The Minister's Black Veil: A Paradigm | Literature Criticism Critical Essay by Michael J. Colacurcio

This literature criticism consists of approximately 35 pages of analysis & critique of The Minister's Black Veil: A Paradigm.
This section contains 10,397 words
(approx. 35 pages at 300 words per page)
Buy the Critical Essay by Michael J. Colacurcio

Critical Essay by Michael J. Colacurcio

SOURCE: "The True Sight of Sin: Parson Hooper and the Power of Blackness," in The Province of Piety: Moral History in Hawthorne's Early Tales, Harvard University Press, 1984, pp. 314-85.

In the following excerpt, Colacurcio explores the "moral history" as well as the religious context of "The Minister's Black Veil."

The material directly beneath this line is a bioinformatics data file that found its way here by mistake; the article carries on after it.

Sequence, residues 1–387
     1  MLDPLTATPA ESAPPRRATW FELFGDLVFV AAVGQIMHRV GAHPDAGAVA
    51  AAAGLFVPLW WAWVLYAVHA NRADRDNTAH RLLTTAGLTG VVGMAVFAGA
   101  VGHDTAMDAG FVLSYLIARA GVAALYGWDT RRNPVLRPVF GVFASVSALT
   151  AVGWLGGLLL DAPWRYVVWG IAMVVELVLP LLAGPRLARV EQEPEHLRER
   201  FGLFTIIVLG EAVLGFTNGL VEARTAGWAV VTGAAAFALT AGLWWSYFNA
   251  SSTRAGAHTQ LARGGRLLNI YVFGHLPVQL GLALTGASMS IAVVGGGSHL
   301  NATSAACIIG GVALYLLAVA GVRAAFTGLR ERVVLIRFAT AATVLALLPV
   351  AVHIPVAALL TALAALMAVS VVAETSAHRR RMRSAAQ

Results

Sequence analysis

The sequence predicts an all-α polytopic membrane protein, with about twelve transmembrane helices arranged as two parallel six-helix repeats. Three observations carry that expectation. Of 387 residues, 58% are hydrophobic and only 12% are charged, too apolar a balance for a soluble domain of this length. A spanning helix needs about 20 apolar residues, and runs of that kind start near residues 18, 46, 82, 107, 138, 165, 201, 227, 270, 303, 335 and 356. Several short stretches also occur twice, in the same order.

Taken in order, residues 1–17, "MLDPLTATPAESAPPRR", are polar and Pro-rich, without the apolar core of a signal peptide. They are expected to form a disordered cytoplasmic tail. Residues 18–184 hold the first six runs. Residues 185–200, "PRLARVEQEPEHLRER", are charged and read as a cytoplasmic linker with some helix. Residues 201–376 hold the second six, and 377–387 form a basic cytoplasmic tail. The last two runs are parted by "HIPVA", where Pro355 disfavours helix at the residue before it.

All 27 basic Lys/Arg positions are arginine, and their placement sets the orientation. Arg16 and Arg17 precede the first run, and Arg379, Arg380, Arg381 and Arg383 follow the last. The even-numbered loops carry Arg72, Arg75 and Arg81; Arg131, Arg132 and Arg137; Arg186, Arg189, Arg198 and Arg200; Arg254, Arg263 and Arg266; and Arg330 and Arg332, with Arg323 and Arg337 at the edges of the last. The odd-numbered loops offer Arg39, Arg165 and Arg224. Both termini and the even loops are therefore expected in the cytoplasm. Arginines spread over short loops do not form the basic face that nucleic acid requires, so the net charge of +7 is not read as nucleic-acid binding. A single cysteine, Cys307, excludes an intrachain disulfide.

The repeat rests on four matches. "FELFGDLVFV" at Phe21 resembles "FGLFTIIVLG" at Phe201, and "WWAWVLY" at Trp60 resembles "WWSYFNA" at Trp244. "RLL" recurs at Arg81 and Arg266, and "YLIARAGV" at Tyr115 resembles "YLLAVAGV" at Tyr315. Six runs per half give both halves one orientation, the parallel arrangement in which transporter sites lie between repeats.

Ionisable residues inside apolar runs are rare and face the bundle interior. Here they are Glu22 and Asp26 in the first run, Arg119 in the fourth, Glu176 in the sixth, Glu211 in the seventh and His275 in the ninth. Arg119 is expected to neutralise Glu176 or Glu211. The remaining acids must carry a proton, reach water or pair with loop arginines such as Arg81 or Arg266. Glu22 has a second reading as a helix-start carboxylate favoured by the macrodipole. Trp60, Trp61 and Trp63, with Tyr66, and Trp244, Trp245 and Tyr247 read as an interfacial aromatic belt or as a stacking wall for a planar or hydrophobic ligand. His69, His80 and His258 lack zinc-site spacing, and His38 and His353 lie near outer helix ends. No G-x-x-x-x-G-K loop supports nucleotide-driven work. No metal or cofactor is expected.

The case of Parson Hooper is more difficult than that of Goodman Brown—arguably it is the most difficult of all Hawthorne's cases of Puritan conscience.1 On the one hand, "intrinsically," the text itself seems to thwart interpretation, as if neither Hooper nor Hawthorne quite understood the "ambiguity of sin or sorrow" in which he became enveloped. Rationalists might suspect obscurantism, and theorists discover indeterminacy; but perhaps the old ("New") critics were...

(read more)

This section contains 10,397 words
(approx. 35 pages at 300 words per page)
Buy the Critical Essay by Michael J. Colacurcio